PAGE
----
In a hot chestnut situation, Central African sub region must find a tourniquet to stop the economic bleeding. The subregion will not survive prolonged containment. Mamadou Malick Bal of the ECA Central Africa Office examines the tracks of economic recovery for the sub-region. He defends his views in this interview.
Mr. Mamadou Malick Bal, the ECA report on deconfinement strategies in Africa has just been published. Faithful to its position as promoter of the knowledge economy in Africa, ECA provides the keys to succeed in the “new normal”. Central African countries have diverse fortunes in the response to the disease and its effects. How do you assess their governance of the crisis in a context of relative data reliability?
First of all, allow me to salute the efforts made by all the countries of the subregion to combat COVID-19. Indeed, as you know, the COVID-19 pandemic hit Central Africa at a time when the sub-region was still recovering from a serious economic crisis caused by the oil price shock of 2014. The slowdown growth in the rest of the world, particularly in China, where the pandemic started, has resulted in lower demand for many Central African export products including oil, which has slowed activity economic. According to initial estimates by ECA, the pandemic could have a negative impact equivalent to 4.1% of the GDP of Central Africa. But that figure may turn out to be too optimistic as the full impact of the pandemic is not yet clear.
Despite this, Central African countries quickly gave top priority to limit the transmission of COVID-19. All governments in the subregion have taken steps to curb the spread of Covid-19. These measures range from the ban on entry for travellers from foreign countries, mainly those at high risk, the closure of land, air and sea borders to people, except essential goods, the cancellation of gatherings crowd, as well as encouraging social distancing. Partial or total containment measures include closing schools, universities, restaurants, and cancelling public and private events.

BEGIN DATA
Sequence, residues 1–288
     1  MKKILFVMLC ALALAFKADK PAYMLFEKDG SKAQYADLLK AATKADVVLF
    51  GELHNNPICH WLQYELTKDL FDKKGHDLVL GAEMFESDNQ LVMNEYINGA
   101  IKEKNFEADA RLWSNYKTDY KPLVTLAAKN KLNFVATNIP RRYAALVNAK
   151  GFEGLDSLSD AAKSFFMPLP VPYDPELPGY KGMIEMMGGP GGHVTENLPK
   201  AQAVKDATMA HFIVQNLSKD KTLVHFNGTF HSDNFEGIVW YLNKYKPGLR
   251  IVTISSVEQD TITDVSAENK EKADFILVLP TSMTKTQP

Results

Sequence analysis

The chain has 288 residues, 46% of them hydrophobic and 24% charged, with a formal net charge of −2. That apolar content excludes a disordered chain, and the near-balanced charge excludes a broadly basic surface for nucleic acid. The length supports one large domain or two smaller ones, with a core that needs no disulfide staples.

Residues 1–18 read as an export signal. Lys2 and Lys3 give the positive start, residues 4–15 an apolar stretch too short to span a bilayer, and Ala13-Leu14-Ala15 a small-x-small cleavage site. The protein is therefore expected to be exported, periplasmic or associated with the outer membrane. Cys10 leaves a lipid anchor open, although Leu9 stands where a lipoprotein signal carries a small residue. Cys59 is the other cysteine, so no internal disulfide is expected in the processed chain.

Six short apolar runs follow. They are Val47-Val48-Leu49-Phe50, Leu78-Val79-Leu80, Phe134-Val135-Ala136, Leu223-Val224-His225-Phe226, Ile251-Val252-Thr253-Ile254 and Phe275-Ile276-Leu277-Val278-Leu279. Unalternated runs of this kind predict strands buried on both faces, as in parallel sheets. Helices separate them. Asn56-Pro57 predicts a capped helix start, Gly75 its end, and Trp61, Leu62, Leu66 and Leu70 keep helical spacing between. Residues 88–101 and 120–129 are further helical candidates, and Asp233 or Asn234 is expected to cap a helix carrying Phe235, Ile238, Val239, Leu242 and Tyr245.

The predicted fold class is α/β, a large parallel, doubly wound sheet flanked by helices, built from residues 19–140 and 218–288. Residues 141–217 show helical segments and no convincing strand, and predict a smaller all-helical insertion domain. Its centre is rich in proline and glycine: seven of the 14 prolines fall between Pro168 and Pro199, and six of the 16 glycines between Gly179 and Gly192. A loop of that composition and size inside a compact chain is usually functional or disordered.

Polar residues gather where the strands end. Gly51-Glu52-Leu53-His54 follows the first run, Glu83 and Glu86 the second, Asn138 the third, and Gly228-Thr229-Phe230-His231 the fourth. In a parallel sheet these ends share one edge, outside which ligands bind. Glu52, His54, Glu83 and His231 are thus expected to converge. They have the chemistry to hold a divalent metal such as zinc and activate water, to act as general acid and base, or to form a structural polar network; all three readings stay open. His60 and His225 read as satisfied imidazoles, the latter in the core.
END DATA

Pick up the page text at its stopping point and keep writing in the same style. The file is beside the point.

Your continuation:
We are delighted that measures have been taken at the sub-regional level to combat COVID-19. I am referring here to the extraordinary session of the PREF / CEMAC Steering Committee which took place in Brazzaville on March 28, 2020 and whose objective was to take measures to respond to the disease. The Ministers in charge of the economy, finance and integration of CEMAC have adopted several measures, among which include: the increase in appropriations allocated to health expenditure; reallocating funds allocated to non-priority public spending towards strengthening the health system for more effective care of infected people.
Furthermore, the ministers decided to maintain the free movement of essential goods and health personnel in the fight against COVID-19.
Thus, on the whole, the governments of the subregion are doing their best with the means available to deal with the crisis, in particular given its new and suffered character which has also put the most disadvantaged economies in great difficulty. advanced.
Several countries in the subregion are threatened by increasing poverty. The economic structure of these countries shows that a large segment of the population depends on the small economy and the informal sector. In the absence of an effective system of social safety nets, what mechanism could be used to build the resilience of the poor?
You are right to approach the issue of poverty. The first thing to know is that although extreme poverty has decreased in Central Africa, it still affects a significant proportion of the population. The necessary measures that have been taken to slow the spread of the coronavirus, unfortunately, have a direct cost for a large part of the population of Central Africa, whose livelihoods depend largely on the informal economy. Indeed, the informal economy in Central Africa is the main source of employment.
The legitimate concerns of the governments of the countries of the subregion about the informal economy stem from the fact that those working in the informal economy are likely to be more exposed to the phenomenon of impoverishment, hunger and the disease because they have no system of social protection in the event of loss of their livelihood. Since the majority of those working in the informal economy are women and girls, the disparities between men and women are likely to worsen.
To strengthen the resilience of vulnerable categories to COVID-19, the authorities of the countries of the subregion have taken various measures, not only to protect the livelihoods of the populations but also to allow the continuity of activities and support their economies. . For example, we can observe that some countries have eased the measures taken to stop the spread of the coronavirus, by extending the opening hours of bars and restaurants or by lifting the measure to reduce the number of public transport users, but with the obligation to respect barrier measures, in particular the wearing of protective masks and social distancing.